Plus-minus data is at the bedrock of a lot of thoughtful NBA analysis. If I tell you that the Celtics have outscored their opponents by 153 points in the 350 minutes that Jaylen Brown, Marcus Smart, and Al Horford have shared the court this season (per basketball reference), then you might reasonably conclude that these players are doing something right when they are playing together. At the end of the day, a valuable lineup needs to have a good raw plus-minus score (points scores minus opponents points scored). If a lineup of players is, over time, consistently outscored by the opposing lineups then this lineup cannot be considered effective.
The key question is what exactly does over time mean? One of the problems with looking at raw-plus minus scores for lineups are that they are heavily effected by small sample sizes. Especially early in the season, a good game or two can make an entirely average lineup look like world beaters.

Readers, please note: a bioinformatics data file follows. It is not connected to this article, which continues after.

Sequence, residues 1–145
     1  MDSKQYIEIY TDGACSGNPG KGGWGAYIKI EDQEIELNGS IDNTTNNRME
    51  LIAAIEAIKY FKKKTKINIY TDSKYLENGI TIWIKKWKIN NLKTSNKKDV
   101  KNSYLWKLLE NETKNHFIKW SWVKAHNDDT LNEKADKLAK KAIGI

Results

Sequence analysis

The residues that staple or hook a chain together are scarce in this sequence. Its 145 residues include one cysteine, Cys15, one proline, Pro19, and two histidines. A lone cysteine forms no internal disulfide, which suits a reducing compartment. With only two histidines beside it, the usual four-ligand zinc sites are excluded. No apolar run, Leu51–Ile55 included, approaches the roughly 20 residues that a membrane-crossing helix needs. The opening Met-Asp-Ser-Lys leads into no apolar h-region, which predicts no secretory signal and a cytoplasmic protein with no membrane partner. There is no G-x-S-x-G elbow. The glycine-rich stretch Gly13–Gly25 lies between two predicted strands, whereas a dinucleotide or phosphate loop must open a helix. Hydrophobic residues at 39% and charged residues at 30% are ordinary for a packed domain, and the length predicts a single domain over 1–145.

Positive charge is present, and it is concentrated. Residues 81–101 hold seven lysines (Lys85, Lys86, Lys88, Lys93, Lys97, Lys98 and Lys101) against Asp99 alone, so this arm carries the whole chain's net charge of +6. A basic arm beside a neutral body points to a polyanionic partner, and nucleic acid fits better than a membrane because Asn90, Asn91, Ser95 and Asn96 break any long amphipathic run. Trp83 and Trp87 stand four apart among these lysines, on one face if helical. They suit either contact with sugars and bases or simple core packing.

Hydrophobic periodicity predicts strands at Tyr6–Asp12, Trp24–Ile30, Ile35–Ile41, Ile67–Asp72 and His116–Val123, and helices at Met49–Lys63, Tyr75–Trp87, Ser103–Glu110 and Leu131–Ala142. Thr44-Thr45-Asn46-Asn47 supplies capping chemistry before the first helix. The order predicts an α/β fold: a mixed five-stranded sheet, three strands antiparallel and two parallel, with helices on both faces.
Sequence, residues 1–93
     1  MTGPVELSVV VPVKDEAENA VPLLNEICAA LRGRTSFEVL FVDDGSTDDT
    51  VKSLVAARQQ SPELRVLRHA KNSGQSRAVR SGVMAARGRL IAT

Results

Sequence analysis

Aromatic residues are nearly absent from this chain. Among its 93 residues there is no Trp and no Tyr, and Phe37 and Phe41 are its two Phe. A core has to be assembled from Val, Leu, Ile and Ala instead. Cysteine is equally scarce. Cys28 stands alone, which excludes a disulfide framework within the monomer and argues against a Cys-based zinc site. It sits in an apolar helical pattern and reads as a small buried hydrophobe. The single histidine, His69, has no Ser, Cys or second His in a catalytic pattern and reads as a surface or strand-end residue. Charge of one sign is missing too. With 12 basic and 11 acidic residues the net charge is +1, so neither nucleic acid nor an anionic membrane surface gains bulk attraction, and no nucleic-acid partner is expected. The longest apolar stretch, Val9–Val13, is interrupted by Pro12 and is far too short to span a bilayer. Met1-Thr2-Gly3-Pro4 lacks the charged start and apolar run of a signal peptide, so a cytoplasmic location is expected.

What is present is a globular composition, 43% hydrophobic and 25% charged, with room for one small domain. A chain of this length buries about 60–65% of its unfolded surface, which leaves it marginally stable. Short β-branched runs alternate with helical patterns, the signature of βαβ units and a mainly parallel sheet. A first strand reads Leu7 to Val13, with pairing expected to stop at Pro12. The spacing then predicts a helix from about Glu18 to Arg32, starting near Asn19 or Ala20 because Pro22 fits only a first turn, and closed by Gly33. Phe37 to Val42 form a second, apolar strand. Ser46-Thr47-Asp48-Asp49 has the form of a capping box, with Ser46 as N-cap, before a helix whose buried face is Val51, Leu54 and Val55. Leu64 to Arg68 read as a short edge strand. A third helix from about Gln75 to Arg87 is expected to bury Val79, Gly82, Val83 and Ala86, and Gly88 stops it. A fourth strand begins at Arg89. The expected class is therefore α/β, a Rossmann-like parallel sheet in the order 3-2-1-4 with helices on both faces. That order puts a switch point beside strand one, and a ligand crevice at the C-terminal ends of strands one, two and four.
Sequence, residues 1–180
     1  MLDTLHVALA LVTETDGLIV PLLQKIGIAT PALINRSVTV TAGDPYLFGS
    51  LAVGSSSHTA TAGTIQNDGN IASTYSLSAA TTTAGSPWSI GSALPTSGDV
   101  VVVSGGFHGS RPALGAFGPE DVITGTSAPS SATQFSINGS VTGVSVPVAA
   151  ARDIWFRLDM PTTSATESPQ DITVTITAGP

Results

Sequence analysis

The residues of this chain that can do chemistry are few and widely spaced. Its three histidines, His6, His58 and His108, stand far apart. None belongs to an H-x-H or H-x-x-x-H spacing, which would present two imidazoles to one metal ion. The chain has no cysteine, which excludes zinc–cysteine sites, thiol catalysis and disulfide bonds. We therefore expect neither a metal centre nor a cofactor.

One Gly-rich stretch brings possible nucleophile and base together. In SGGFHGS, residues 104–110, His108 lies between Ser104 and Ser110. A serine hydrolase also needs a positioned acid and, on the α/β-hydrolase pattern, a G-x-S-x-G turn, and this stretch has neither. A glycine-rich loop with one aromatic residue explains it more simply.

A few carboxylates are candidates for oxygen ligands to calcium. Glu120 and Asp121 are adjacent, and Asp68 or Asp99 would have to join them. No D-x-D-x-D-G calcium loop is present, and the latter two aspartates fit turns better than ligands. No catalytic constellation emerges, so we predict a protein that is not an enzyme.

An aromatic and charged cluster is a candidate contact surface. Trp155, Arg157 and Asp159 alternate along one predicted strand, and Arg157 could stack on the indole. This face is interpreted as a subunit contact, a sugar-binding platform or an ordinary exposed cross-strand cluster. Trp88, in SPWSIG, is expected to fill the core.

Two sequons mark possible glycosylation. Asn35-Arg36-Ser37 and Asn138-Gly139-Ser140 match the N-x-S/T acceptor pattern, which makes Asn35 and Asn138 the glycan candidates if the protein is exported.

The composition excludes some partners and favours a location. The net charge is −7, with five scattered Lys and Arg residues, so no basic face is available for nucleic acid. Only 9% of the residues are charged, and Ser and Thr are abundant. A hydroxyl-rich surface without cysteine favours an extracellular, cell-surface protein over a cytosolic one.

Continue reading “How many possessions does an NBA lineup need to play before we are confident it is good?”
I made a web app that allows you to see how the players on each team rate according to usage and true shooting. You can quickly get a sense for how players compare to one another and can sort by team or position. The points are also sized and colored according to a player’s offensive rating, so you can see how much better (or worse) the team’s offense has been while they are on the court. The app will be updated as the season progresses so you can always see current stats.
As a bit of explanation, usage percentage is a measure of the percentage of possessions that a player “uses up” when they are on the floor. True shooting percentage is a measure of how efficient a player is shooting the ball. It takes into account free throw shooting and the fact that 3’s are worth more than 2’s. High usage, high true shooting players are obviously really valuable.
(All data is courtesy of basketball-reference.com)
I predict how players will shoot on three pointers going forward on the season.
The updated projections are here.
And the original article explaining how they are computed is here.